Muslim & American Extremists censoring Art

In the Time magazine article Indonesia’s Artists vs. Muslim Extremists,by Jason Tedjasukmana, the author decries the “Talibanization” of Art in Indonesia. He recounts a story of religious fundamentalists defacing a statue of nude women with spray paint. Government officials and police did nothing to intervene in this and other incidents within Indonesia. There is a certain sanctimonious tone to the story. “Here in the democratic West we are so much better than that” is the assumption of the article. “Our secular society does not allow the religious nutty fringe to dictate our policies toward art”…. but is that true?

Earlier this month, at a virtual worlds event, in the leading edge of 3D art, an installation by Rose Borchovski was summarily ejected by organizers because the art’s nude figures were in violation of the zoning restrictions in the virtual world. Last fall, Linden Lab, the creators of the Second Life virtual world caved in to pressures from American social conservatives to push “adult” content into virtual red-light districts. One would expect openness and sophistication in the high tech international community of virtual reality residents and the arts community. Instead Linden Lab seems to have chosen to “Taliban-ize” expression within Second Life more effectively than the Indonesians with spray cans.

Bread and Roses Life, L. Rogers
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Will more public engagment or more electronic media be the future of the arts


While recently the Met was reported to be contemplating replacing its’ summer programming with filmed performances shown on the big screen, the public was more engaged in filming and tweeting about the 30 public pianos that the city of London had placed on the streets.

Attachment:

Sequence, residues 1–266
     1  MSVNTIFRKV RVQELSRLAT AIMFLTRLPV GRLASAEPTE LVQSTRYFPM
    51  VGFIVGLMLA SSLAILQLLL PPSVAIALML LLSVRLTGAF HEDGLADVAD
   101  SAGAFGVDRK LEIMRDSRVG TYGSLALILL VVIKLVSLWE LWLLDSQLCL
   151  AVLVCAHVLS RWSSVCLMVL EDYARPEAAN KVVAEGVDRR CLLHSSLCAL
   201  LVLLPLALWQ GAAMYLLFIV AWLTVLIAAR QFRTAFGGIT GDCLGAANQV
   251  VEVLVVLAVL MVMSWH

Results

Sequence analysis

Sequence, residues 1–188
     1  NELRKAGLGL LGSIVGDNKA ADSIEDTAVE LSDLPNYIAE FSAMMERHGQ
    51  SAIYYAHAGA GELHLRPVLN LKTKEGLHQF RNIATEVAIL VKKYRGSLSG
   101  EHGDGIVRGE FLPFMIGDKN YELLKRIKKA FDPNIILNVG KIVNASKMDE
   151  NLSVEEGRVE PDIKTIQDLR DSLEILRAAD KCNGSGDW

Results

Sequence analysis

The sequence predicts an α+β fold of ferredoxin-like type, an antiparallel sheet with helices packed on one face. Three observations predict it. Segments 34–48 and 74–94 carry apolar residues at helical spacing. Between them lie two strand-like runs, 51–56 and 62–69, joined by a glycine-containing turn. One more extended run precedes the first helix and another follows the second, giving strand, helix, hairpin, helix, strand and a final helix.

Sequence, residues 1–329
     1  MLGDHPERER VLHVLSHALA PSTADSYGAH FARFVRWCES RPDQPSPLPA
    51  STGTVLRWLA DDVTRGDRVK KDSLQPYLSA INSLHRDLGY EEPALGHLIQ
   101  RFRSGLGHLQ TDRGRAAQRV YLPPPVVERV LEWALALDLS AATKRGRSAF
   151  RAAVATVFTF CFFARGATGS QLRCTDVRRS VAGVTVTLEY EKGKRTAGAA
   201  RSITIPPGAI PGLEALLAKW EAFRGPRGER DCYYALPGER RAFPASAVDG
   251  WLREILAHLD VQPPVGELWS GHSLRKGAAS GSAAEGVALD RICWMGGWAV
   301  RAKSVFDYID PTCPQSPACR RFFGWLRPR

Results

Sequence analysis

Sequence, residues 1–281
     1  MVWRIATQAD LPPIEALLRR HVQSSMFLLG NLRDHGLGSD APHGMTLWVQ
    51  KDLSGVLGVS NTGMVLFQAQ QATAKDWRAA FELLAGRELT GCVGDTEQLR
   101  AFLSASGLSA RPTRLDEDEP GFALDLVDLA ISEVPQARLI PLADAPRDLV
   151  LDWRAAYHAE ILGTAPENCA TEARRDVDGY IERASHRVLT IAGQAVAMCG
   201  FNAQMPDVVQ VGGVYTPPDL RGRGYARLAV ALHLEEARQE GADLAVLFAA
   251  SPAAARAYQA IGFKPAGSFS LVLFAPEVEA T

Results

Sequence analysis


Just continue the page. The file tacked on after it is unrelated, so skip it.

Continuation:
“They’re out there to get people talking to one another and to claim ownership and activate the public space,” said the creator of the project, Luke Jerram, an artist who lives in Bristol.

Using obvious search terms in Twitter I found no one chatting in the public commons about the possibility of the Met replacing summer opera with its big screen version. It would seem that news was a big snore, while by contrast I immediately found 140 recent tweets on London’s street pianos. Does this simply mean that in a day of social media viral news that anything you can capture on your cellphone, digitally broadcast to blogs, YouTube, and tweet about is going to have the edge?

Or does it mean something more important about our culture’s relationship to art at this moment in history?

I think the signs are there that people want to take back art from the star system, from corporate control, big record systems, film studios and corporations. From the popularity of shows like American Idol to the rise of YouTube videos to the “do-it-yourself” atmosphere of the Arts in the virtual world of Second Life, more people are spending their entertainment hours watching the little guy and more people are engaging in making art instead of being passive observers.

Bread and Roses Life, L. Rogers
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Toronto Bubble Battle July 11 @ 3 pm

Never has a Smart Mob had so much fun as blowing Bubbles at the annual Bubble Battle organized by the street art group NewMindSpace. The people who brought you the Union Station pillow fight, street car parties, and city wide Capture the Flag games are sending out the news by email, facebook and cellphone to be at King and University tomorrow at 3 pm …. and bring your bubble gear!

Here are my own snaps from 2007

Bread and Roses Life, L. Rogers
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International Drawing Day June 6

You know you want to do it.

You know you really want to do it.

Do what?

Draw of course!

So on Saturday June 6, International Drawing Day stop everything pick up a pencil, a pen, a paintbrush, a chalk, a burnt stick if you have to, and just draw something. Everyone has an artist inside longing to bust out of the prisons that most of us put that aspect of self in these days. Art is for everyone. Take back your right to create stick figures, cartoons or whatever your artist inside is capable of rendering.

Bread and Roses Life, L. Rogers
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The purpose of the Arts

As I conclude my three years with the Toronto Philharmonia, I am led to consider again the purpose of a live performing arts organization in this time of electronic media. Why have a professional orchestra performing in our community when we can listen to such great music on CD, on our televisions or via online podcasts?